h2p
  • Reply 25 of 41
    jcs2305jcs2305 Posts: 1,280member
    cropr said:
    bshank said:
    Third party, shoddy repairs already exist. Anyone who’s gone through one of those repairs knows it’s a better idea to go through Apple
    Quite arrogant to suggest that the third party repair centers are shoddy.  
    My nearest Apple store is 2 hours driving, while I have an excellent repair shop in the neighbourhood, that has repaired several laptops and phones for my company in the past.  And it did it quite professionally.  I am pretty sure that my local repair shop could do an excellent iPhone repair (which it does not for the moment) if it got access to the right components.
    So the choice for me is not about price or quality but about convenience.

    I will also add that not every 3rd party repair shop is shoddy, they all are not quite professional and handle repairs like your repair shop. I am all for giving the local small guy business, but I have seen some shoddy cheap repair places that did half assed repairs in my local area. A laptop screen replacement or ram and memory upgrades are one thing...even repairs to older non Apple phones, or pre Touch ID iPhones is still something I would be ok with a shop fixing ( if I couldn’t get it done myself ). No way in hell I would take my 8 plus to a local guy/girl to open  and repair. I would mail my phone to Apple for repair ( if I had a 2hr ride to the nearest Genius Bar )  and use something else for a few days; just to have the piece of mind that my device is coming back properly fixed. Others may feel different, but that’s just me.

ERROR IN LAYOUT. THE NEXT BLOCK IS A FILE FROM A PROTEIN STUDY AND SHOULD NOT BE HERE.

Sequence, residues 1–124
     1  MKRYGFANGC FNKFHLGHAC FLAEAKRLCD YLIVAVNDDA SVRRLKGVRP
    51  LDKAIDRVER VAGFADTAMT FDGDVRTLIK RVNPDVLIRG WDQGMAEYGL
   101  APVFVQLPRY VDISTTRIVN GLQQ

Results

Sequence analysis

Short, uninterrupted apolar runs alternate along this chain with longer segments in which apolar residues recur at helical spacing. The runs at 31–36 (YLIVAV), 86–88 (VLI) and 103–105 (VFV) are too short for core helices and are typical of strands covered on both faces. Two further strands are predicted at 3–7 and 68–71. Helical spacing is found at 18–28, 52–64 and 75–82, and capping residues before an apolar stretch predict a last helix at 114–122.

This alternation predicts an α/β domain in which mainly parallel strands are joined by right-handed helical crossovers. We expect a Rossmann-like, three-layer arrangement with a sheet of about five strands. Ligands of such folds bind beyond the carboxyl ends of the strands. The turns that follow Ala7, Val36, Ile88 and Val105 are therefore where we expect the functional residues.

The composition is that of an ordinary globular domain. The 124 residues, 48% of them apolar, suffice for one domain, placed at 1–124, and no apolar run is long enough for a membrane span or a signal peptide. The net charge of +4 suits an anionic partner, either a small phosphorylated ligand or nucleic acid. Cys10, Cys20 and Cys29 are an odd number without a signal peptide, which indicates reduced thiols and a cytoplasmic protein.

• Reply 26 of 41
    bshank said:
    Third party, shoddy repairs already exist. Anyone who’s gone through one of those repairs knows it’s a better idea to go through Apple
    I disagree. I had my battery in my 6s replaced bij a good-but-not-Apple-repair-shop. I did this after Apple would not replace my battery. Quick, fast, not expensive, and I’m looking to an other two years of happy use of my phone. 
    muthuk_vanalingamh2p
  • Reply 27 of 41
    DAalsethDAalseth Posts: 2,038member
    Apple and others will have to make available the tools it uses to repair. If the item is in fact unrepairable, then they don't. All this law will result in is more glue, more cast in parts, more sealed devices. In the end this law will be counterproductive. It will result in more throwaway items.
  • Reply 28 of 41
    BubbaTwoBubbaTwo Posts: 21member
    The security argument is a silly one, as every cloud operator will roll over with with a law enforcement warrant.  Most phone users are on social media, use a search engine that stores ones data, an ISP that tracks all use, a mobile phone operator that tracks all use, and/or a mapping app that stores and tracks all use.

    There is NO reason that phone manufacturers shouldn't permit either end users or third party folks to at minimum easily swap out a battery.  Or make a battery replacement available for less than $50.  Same goes for an easily replaceable display.